Before I begin and for the record, I detest bulk spam!
Itís a sad Internet day when a non-spamming professional businessperson gets shut
down by a spammer! This is a story I donít mind sharing because Iím well acquainted
with the victim. It was me!
Hereís what happened. As a natural course of doing business on the Net, we place
FFA (Free-for-All) links on a regular basis. We use a well-known submission service
and send our link to 450+ FFA sites at a time. What happens next is an in-box
barrage of autoresponse hyper-email promoting the FFA services. I can live with the
delete button for that knee-jerk injection of mail however many of these companies
keep sending junk mail day after day.
So, as astute marketers, we always (used to) "Reply" to any spam mail with a positive
business message of our own. One particular hypocrite took exception to our
response to his spam and went to the pains of informing all the way upstream that we,
now get this, are "spamming him, forging headers and stealing SMPT resources".
Automated message? Doesnít matter.
Without the courtesy of notification we were shut down. Tried, convicted, executed
and cremated without benefit of a hearing, let alone a trial. Accused by a Ďcriminalí
and virtually put out of business. And for a full day, we didnít even know we had died
and gone to the real world.
Now I could expect some small ISP to react in this Hitler-ish way, but not the
international company we were paying for service.
What made matters worse, when we starting getting complaints that 404ís were
popping up we promptly wrote to the tech department. No reply from them until our
death sentence was proclaimed - " Your Account Was Terminated" Ė a full 24 hours
later! We wrote right back to the indicated reply address with an explanation of what
had happened. An eerie silence for 8 hours ensued.
This is now starting to curl my already curly hair. I wrote a politely direct letter to ALL
the posted email addresses at this company pleading for someone to deal with this
issue. Conveniently, no phone number was listed on their website and of course, no
listing in their city phonebook.
An entire day now passes. Now, Iím really mad!! My partner had heard rumblings
that another company recently purchased our beloved webhost so I write their
webmaster, forwarding the original letter and outlining the long stream of events. This
is no longer a babbling brook!
Finally, we get the following reply from the parent company: "We quite clearly retain
the right to remove any page, site, or member as we see fit - therefore if we have
gotten reports of illegal activity, or abusive activity, and we so choose to remove that
member so that the problem is solved, we will do so."
Is this not America? When did we start hanging citizens simply because theyíve been
accused by someone else and letís just forget for a minute that the accuser was the
spammer here? Has the entire issue of UCE gone so much the other way that innocent
and well-meaning netizens get the noose? Is this what the anti-spam movement
envisioned as the result of their powerful efforts?
Iím afraid folks that when things like this start happening, itís going to open a whole
other can of spam.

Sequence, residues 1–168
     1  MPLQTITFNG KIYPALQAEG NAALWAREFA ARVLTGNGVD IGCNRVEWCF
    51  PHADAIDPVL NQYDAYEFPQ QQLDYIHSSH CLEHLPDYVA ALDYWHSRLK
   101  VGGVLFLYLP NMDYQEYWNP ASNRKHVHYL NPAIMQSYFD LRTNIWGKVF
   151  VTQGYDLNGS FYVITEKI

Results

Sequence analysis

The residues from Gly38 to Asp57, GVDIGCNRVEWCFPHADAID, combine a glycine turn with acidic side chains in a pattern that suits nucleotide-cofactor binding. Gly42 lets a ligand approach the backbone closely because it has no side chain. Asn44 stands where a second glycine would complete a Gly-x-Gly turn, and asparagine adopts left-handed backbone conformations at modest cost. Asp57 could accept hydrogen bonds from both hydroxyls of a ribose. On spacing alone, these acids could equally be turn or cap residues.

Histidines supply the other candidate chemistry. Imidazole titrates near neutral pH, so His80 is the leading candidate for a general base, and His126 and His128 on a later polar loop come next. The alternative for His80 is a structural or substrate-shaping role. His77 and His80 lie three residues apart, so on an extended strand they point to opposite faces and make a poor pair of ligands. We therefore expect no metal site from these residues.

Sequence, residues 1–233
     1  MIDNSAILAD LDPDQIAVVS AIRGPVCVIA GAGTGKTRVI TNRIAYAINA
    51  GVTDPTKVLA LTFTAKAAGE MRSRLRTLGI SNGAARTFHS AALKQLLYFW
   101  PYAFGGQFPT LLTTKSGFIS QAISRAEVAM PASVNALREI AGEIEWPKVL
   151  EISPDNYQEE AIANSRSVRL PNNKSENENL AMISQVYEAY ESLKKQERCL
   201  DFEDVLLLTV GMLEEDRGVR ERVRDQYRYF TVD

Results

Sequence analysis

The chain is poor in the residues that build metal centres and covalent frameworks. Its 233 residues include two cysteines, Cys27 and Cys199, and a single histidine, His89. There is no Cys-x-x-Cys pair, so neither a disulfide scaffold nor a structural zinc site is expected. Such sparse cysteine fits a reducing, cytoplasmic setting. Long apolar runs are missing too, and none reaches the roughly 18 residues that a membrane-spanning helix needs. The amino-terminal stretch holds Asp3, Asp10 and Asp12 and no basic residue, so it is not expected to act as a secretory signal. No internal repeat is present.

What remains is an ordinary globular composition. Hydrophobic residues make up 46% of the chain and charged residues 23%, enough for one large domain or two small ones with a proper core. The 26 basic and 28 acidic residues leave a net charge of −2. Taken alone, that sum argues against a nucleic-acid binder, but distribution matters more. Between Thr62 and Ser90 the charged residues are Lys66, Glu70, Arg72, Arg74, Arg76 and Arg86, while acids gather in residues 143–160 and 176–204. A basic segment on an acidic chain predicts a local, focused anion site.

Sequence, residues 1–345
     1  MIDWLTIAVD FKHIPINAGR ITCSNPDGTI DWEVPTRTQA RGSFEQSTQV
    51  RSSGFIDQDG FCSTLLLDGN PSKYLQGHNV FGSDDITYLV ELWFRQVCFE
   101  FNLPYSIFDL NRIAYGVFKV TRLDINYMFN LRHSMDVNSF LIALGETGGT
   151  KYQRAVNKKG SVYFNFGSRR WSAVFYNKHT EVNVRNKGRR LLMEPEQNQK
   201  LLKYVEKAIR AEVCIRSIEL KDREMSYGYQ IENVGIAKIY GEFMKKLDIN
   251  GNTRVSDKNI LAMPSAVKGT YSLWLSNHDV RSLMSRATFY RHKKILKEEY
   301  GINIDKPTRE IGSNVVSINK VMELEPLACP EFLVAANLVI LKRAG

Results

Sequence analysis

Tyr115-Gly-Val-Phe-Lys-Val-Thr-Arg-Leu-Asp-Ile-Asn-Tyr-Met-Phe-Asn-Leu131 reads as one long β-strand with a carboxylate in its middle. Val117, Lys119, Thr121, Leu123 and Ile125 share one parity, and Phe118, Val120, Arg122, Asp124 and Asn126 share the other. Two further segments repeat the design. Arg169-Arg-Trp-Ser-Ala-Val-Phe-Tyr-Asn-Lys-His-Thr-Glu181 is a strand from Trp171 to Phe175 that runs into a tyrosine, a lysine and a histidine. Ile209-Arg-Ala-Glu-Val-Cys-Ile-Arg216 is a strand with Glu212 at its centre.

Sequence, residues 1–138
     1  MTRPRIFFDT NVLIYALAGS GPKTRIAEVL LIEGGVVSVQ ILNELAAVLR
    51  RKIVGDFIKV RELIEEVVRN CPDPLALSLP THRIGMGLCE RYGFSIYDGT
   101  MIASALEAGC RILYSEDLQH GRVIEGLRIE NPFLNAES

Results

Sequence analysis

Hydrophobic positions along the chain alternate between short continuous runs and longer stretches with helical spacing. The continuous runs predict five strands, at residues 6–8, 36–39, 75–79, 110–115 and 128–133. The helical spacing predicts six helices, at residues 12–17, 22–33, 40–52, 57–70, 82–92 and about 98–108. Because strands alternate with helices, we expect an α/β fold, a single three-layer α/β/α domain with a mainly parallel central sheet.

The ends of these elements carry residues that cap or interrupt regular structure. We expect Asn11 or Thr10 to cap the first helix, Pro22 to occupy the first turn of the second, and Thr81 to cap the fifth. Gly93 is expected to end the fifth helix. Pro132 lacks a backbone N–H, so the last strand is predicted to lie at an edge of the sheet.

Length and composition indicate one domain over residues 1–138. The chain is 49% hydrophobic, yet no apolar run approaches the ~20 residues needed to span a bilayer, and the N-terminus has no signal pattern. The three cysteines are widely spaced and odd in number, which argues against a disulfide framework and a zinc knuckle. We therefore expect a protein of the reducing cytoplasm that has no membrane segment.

Iíve taken the liberty of creating an expletive for this unfortunate phenomenon -
Too Little Too Late: A full 5 days after this incident I received a very nice email from
the president of this worldwide webserver apologizing for the unpleasant situation and
offering his personal assistance to put us "back up" (this was a recent server addition
and we hadnít backed up our files yet). We had by then of course started the process
of moving our domain to another webhost. I did ask however, that they post our site
again so that we could retrieve our files and email. Another 5 days pass and yet
another sequence of unproductive communication and guess what - they canít find
them. Their policy was clearly to "delete" without hesitation! An offer to cheerfully
refund our paid-in-advance fees was offered though. No kidding!!
Lessons learned the hard way.
Lesson 1. Always back up your server files on your computer right away. A "mirror"
site is the ideal back-up if you can afford to maintain one.
Lesson 2. Before you sign up with a webhost (and even with your current one), if you
are dealing with large amounts of email, make sure their "spam policy" is not
totalitarian. In other words, find out their detailed procedure if a complaint is received
about you. Do they inform you of the complaint and allow you to tell your side of the
story before any action is taken? Or, when any wacko decides to send a total lie to
your "god of the Internet" do they cut you off, tell you later, lose your files and
apologize when itís too late?
Lesson 3. Speak personally with the webmaster (although there are no webmasters,
just webslaves Iím told) and inform him, her or it of the nature of your business and
your policies regarding newsletters, opt-in email, spam mail that you receive,
FFA/classified ad links/posts you receive (autoresponders messages) and any other
email applications you may use. Make it clear how you utilize email to communicate
and stress the point that you DO NOT SPAM!
Lesson 4. Be prepared that at least once in your Internet life, you too will be a victim
without recourse, a Web felon without benefit of trial, and an executed and buried
After all, this is America!
Copyright © 1998 Rick Beneteau, InterNiche.net. Reprinted with permission.